Dairy protest at Ted Drewes Frozen Custard

It’s a typical St. Louis scene: long lines of families and friends huddled around a luminescent spot on Chippewa Street where friendly workers in bright yellow shirts dole out cups of Ted Drewes Frozen Custard. Laughter from old friends meeting over sweets as well as giggles from toddlers with chocolate-smeared faces fill the Saturday night air. Everyone is smiling. Everyone is content. Except for those across the parking lot.

A group of protesters stood across the parking lot of Ted Drewes Frozen Custard holding signs condemning dairy consumption August 25.  Outnumbered by the crowds waiting for their dessert, they continued to stand proudly, sometimes even coming over to pass out pamphlets about veganism and entertain quick debates. One woman held a sign that read “Misery comes in many flavors.” She wore a “Vegan” ballcap and a microphone headset into which she preached about animal cruelty. Her name is Sasha Zemmel, and to her, animals do not deserve to be raised for human enjoyment, such as frozen custard.

Logan Crews
Sasha Zemmel, local animal rights activist, holds her sign at the dairy protest at Ted Drewes Frozen Custard August 25.

All animal use is abuse,” Zemmel said. “All animal exploitation is abuse. Our point is whether it’s the ice cream shop, whether it’s the steakhouse, whether it’s leather or fur, animals are not products. They’re beings. They reserve the right to live out their lives naturally and happily.”

As a local animal rights activist, Zemmel said that raising awareness about animal cruelty through protesting or educational outreach is part of her routine. The group at Ted Drewes consisted of individual activists like Zemmel, as well as members of larger groups, specifically the St. Louis chapter of Direct Action Everywhere, an international animal rights network. She said that they try to come together in action at least once a month, and if things like barbeque festivals pop up, they try to be there to advocate for the animal victims of the event. Not everyone enjoys their presence at these events, however. Especially not at a busy Ted Drewes on a Saturday night.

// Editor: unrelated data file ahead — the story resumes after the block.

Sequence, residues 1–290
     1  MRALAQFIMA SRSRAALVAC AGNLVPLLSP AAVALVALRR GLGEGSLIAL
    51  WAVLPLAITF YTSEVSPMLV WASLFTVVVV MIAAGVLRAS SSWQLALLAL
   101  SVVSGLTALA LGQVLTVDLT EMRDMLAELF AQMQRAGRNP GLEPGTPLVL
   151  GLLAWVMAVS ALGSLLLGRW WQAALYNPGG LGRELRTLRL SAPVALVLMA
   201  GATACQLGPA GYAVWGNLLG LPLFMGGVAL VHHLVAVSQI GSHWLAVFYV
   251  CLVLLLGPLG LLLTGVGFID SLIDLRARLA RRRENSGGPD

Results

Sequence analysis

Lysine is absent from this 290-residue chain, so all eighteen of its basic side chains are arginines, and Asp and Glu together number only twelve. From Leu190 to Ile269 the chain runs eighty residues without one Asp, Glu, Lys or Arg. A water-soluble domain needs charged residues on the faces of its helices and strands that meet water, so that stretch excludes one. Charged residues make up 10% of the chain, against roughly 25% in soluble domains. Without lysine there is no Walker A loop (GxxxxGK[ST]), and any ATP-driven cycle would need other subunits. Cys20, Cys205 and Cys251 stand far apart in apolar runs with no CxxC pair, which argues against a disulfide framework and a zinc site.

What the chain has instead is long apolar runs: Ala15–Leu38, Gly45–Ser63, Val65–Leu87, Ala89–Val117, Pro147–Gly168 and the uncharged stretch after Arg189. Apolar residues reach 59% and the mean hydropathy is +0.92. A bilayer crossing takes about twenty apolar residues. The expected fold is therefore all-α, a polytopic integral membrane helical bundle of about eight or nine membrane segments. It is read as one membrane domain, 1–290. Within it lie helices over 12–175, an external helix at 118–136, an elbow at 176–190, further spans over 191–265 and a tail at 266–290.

“You should do what makes you happy, and if you don’t eat meat, then that’s totally cool. But I don’t think we should shame people for eating meat,” Andrew West said. West, there to enjoy his night with friends, stood talking with them after the protestors left. “I want to know why they’re protesting families eating ice cream instead of protesting the tens of thousands of children in this city that are going without food, without homes, without a proper education. They’re obviously very privileged individuals [who] can make a real impact on this community, and I think they’re wasting their time.”

Sara Isaacson, a senior at St. Joseph’s Academy, also felt perturbed by the protest while she tried to enjoy her frozen custard. Looking through the pamphlet the activists passed out about the reasoning behind going vegan, Isaacson said their marketing and mission was good, but that it would fall on deaf ears at Ted Drewes.

“Obviously animal cruelty is not a good thing, but I think [saying] ‘let’s just wipe out one of the biggest industries in America’ isn’t ideal.” Isaacson said. “Coming to places like this, you’re not going to have an actual conversation that will really help anything. I wish there was a better forum to have actual understanding and discussion that’s educated and deals with the issues [to] find compromise instead of just yelling back and forth.”

Though despite all the criticism, Zemmel and the rest of the protesters tried to educate about veganism, giving tips to people who quarreled with their message and taking down contact information of people who questioned their choice in eating frozen custard. When asked what she would say to someone who thought veganism was out of their realm, Zemmel called on her experience before she cut out animal products.

“I [thought], ‘am I just going to eat salad?’” Zemmel said. “Every video [about veganism] I saw just made it more and more authentic. You find things to eat. You find new recipes. Everything I used to eat, I can still eat. Take a few minutes to do the extra research. Keep trying new things. Keep thinking about the victims, thinking about the animals and don’t give up.”